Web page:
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Brett Dean

About this Artist

The Australian composer and viola player BRETT DEAN studied in Brisbane before moving to Germany in 1984, where he was a permanent member of the Berlin Philharmonic Orchestra for 15 years. Dean returned to Australia in 2000 to concentrate on his growing compositional activities, and his works now attract considerable attention, championed by conductors such as Sir Simon Rattle, Markus Stenz, and Daniel Harding. He is one of the most internationally performed composers of his generation; much of Dean's work draws from literary, political, or visual stimuli, including a number of compositions inspired by paintings of his partner Heather Betts.

Dean began composing in 1988, initially working on film, radio, and improvisatory projects. He became established as a composer in his own right through works such as Ariel's Music, a clarinet concerto which won an award from the UNESCO International Rostrum of Composers, the piano quintet Voices of Angels (1996), and Twelve Angry Men (1996) for 12 cellos. In 2001 he won the Paul Lowin Song Cycle Prize for Winter Songs, and in 2002/03 was Artist in Residence with the Melbourne Symphony and Composer in Residence at the Cheltenham Festival. He currently holds the position of Artistic Director of the Australian National Academy of Music.

Dean performs throughout the world as soloist, chamber musician, and conductor. He has appeared as soloist with the Berlin Philharmonic, the RSO Frankfurt, and the Montreal, Winnipeg, Melbourne, and Queensland symphony orchestras, and performed numerous premieres of solo and chamber works by some of the leading composers of our time. He has conducted ensembles such as the Netherlands Chamber Orchestra, the Australian Chamber Orchestra, the Scharoun Ensemble, and the Birmingham Contemporary Music Group.

Dean's most widely known work is Carlo for strings, sampler, and tape, inspired by the music of Carlo Gesualdo, which has received over 50 performances. Other scores include Beggars and Angels (1999) commissioned by the Melbourne Symphony Orchestra, Pastoral Symphony (2001) written for Ensemble Modern, Testament (2003) for 12 violas of the Berlin Philharmonic, and Eclipse (2003) for the Auryn String Quartet, commissioned by the K├Âlner Philharmonie. Last season the Melbourne Symphony and Markus Stenz premiered Moments of Bliss, an orchestral precursor of his forthcoming opera Bliss, which was awarded 'Best Composition' at the 2005 Australian Classical Music Awards. A broad selection of his music has been recorded on labels such as ABC Classics and BIS records.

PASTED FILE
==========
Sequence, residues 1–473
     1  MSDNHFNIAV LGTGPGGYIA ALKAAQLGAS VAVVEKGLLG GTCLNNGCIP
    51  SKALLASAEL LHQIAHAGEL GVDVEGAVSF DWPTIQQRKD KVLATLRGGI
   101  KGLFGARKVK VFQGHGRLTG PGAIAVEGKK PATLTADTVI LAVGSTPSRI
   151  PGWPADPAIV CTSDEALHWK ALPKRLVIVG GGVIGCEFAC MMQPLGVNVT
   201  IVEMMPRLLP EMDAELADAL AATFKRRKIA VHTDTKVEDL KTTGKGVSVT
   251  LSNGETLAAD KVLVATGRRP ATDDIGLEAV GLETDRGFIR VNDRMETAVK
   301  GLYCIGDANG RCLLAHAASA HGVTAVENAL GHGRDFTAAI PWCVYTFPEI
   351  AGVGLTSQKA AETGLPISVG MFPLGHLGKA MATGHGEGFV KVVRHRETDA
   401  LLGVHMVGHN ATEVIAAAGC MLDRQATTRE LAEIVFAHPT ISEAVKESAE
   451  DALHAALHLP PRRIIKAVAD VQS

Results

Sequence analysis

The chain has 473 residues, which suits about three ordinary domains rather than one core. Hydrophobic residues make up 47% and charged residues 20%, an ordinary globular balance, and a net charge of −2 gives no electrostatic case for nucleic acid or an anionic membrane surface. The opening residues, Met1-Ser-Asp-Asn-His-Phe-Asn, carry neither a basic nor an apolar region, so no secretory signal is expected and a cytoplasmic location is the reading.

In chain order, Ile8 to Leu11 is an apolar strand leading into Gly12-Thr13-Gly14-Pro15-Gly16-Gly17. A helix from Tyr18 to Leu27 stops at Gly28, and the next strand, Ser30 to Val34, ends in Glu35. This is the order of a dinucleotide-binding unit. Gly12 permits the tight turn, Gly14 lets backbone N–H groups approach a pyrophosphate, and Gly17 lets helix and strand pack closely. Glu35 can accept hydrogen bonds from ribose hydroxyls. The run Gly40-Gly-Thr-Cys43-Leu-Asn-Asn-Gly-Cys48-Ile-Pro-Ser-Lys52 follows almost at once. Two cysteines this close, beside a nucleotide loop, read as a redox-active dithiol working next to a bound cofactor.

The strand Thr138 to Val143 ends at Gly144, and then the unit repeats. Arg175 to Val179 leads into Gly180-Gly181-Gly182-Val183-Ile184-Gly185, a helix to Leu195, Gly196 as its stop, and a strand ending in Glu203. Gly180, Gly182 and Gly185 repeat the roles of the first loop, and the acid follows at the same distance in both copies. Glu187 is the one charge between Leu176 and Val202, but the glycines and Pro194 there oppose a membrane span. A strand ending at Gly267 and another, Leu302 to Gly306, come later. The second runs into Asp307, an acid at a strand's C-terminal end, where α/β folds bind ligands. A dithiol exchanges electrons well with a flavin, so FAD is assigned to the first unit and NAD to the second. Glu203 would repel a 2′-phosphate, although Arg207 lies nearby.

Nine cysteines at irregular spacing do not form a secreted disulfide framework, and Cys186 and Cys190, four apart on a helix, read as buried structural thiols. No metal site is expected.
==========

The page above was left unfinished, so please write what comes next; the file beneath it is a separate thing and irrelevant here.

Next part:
In April 2005 Brett Dean premiered his Viola Concerto in London with the BBC Symphony - he also performs this work with the Los Angeles Philharmonic, the Sydney Symphony, the Hamburg Philharmonic, the Netherlands Philharmonic, and l'Orchestre National de Lyon. Other highlights of the 2005/06 season included the world premiere by the Berlin Philharmonic of Komarov's Fall in March 2006, and the premiere at the Perth International Festival of Vexations and Devotions, a major new work for orchestra and chorus (co-commissioned by the BBC Proms). His appearances at the Kraftwerk Festival in Heimbach included conducting the premiere of a commissioned chamber work Recollections, and attended recording sessions with the Swedish Chamber Orchestra for an all-Dean disc on BIS.

This season Dean also conducts an all-contemporary program with the Melbourne Symphony and performs in a special program with the West Australian Symphony Orchestra, conducting his own Short Stories and playing viola in Mozart's Sinfonia Concertante. Future conducting engagements include the Los Angeles Philharmonic's Green Umbrella series (October 17), the BBC Philharmonic in an all-Dean feature concert, the Netherlands Chamber Orchestra, and the SWR Symphony Stuttgart.

Looking ahead, Dean will write a Violin Concerto for Frank Peter Zimmermann, co-commissioned by the Cologne Philharmonie and the Stockholm Philharmonic, a work for the Birmingham Contemporary Music Group, and an opera Bliss, based on Peter Carey's novel of the same name.